I got the extreme frustration to the king. I got that he got so frustrated/angry he would curse. I can't of course give an exact number of times the word **** can be used successfully in any given film, but it just seemed to me it was used slightly to slightly moderately too many times because at a certain point one became bored/immune to it.

Yeah, ok, I get it, the king/royalty gets mad and says a word. We only got 2 hours to wrap this up, so let's not make it a bigger thing than it is.

I'm a big believer that less is more.
ehBeth
 
  2  
Reply Tue 29 May, 2018 03:40 pm
@izzythepush,
izzythepush wrote:

Christ, I hope not.

I just get the impression that by calling Harvest festival Thanksgiving you're acquiescing to your southern neighbours.


you, Finn and Set
triplets at times

__

and not even close

http://time.com/4971309/canadian-thanksgiving-2017-history/


Quote:
Between turkey dinners and family reunions, Canadian Thanksgiving — which falls on Monday — can look pretty similar to its U.S. counterpart. But in fact, part of the reason Canadians first petitioned for the holiday was to celebrate their luck at not being American.

Though Canada does have a first Thanksgiving story analogous to the U.S. story of the feast at Plymouth in 1621 — it involves the pirate/explorer Martin Frobisher giving thanks in 1578 for a safe journey, and is likewise highly mythologized — the official holiday got its start in the 19th century.

In the wake of a crisis of faith catalyzed by Charles Darwin’s On the Origin of Species, Canada’s Protestant ministers began in 1859 to petition the colonial government for an official day to thank God, pointing to the bountiful harvests as proof that God exists, says historian Peter A. Stevens. But over the next decade, they found a reason to be even more grateful: they were spared the bloodshed of the U.S. Civil War. T


we didn't officially add on the Brit/Euro harvest factor til a bit later

Canada had a thank god we're Protestants and thank god we're not American religious day - Thanksgiving

The US had a harvest fest about 6 weeks later - Thanksgiving

then Canadians wanted a party too!


Quote:
But the “Protestant” part of the national celebration soon started to lose its dominance. After all, this was before the advent of the five-day workweek, and people who spent a day in the middle of the week at church were often using up their only leisure time. Soon, celebrants looked for a way to turn the time after church into more of a party. They found a blueprint, ironically, in the very place that had caused them to celebrate not being there: as the idea of a national Thanksgiving spread in the U.S. too, Canadian families got the idea for hosting a harvest feast after reading how Americans celebrated the holiday in readily-accessible U.S. newspapers and magazines.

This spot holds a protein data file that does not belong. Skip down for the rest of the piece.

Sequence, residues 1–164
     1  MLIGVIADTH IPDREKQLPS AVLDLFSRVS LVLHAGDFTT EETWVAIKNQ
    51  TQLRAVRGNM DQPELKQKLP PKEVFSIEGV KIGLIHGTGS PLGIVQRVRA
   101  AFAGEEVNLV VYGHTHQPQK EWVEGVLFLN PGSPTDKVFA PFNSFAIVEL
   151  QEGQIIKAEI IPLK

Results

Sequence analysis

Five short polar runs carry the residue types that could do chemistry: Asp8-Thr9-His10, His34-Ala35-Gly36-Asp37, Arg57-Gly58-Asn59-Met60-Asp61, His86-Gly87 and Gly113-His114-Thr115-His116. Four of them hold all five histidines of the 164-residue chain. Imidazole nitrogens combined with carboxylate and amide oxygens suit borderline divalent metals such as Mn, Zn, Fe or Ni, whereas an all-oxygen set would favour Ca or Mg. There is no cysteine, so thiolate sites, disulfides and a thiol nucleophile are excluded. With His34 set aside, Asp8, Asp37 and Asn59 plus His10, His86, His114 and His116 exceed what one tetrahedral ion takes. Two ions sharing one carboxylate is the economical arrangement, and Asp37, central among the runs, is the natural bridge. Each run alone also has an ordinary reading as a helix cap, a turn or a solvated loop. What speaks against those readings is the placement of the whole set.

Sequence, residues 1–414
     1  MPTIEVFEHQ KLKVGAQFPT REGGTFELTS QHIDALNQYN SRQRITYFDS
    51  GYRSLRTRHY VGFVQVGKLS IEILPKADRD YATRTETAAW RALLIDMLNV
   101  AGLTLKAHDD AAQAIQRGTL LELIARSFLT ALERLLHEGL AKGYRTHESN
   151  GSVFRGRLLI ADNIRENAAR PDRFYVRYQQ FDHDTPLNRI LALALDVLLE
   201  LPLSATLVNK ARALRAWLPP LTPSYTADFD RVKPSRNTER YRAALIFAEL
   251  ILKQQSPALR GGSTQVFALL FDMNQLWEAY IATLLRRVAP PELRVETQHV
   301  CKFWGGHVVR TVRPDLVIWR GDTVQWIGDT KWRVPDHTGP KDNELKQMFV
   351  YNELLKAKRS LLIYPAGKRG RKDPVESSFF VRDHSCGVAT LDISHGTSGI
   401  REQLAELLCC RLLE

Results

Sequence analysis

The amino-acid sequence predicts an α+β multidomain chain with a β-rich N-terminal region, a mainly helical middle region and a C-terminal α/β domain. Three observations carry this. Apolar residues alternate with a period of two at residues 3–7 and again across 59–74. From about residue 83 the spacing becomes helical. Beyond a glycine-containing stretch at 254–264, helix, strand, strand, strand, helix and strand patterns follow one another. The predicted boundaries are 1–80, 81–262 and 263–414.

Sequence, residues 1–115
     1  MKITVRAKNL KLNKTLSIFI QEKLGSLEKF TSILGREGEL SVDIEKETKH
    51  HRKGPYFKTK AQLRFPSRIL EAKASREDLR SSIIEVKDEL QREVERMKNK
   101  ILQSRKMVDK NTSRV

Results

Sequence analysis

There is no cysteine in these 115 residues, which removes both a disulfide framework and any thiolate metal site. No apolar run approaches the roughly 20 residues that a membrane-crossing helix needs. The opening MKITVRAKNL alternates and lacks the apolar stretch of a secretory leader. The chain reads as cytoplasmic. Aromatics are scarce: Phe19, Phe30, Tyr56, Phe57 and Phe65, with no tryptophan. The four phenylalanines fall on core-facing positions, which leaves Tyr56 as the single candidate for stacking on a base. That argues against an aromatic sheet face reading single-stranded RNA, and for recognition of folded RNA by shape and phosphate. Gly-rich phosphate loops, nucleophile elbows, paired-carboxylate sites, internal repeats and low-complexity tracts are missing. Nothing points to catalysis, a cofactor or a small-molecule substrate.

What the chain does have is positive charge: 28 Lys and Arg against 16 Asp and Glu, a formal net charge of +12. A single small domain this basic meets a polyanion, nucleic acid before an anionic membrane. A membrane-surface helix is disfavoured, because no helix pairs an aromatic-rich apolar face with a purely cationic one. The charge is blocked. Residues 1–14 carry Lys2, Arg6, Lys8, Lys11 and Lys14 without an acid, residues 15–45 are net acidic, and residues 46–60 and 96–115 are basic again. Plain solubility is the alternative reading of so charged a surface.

0 Replies
 
ehBeth
 
  2  
Reply Tue 29 May, 2018 03:47 pm
@chai2,
I surely didn't write that Laughing
ehBeth
 
  1  
Reply Tue 29 May, 2018 03:49 pm
@tsarstepan,
tsarstepan wrote:
The thread isn't about semantics, religion, morality and society.


I think you lost control of what this public thread is about a while back.

and your tags ...

Quote:
Movies, Mpaa, Language, Rated R, Colorful Language


we can all try to steer threads but they're public and people move on when their interest/s shift
0 Replies
 
ehBeth
 
  2  
Reply Tue 29 May, 2018 04:12 pm
@izzythepush,
in response to
Quote:
You seem to know a lot about what we do and do not say considering you don't live here.

izzythepush wrote:
American television programmes are globally ubiquitous


that doesn't mean all Americans are the same as each other let alone how they're presented on tv

Does everyone in England sound like Hyacinth Bucket or Jack Duckworth? do you all use the same words and slang?
__

Think of the size of the British Isles and how many different dialects and language usages have developed over the years. Then look at a continent the size of North America and consider how separately many of the communities developed simply due to distance. Accents, vocabulary and idioms vary enormously. There are islands in the Chesapeake whose residents speak a form of English closer to Shakespeare's English than anyone else in the world.

There is one (gone again) a2k poster I could identify on their return to the site because of their use of Saskatchewan-only idioms.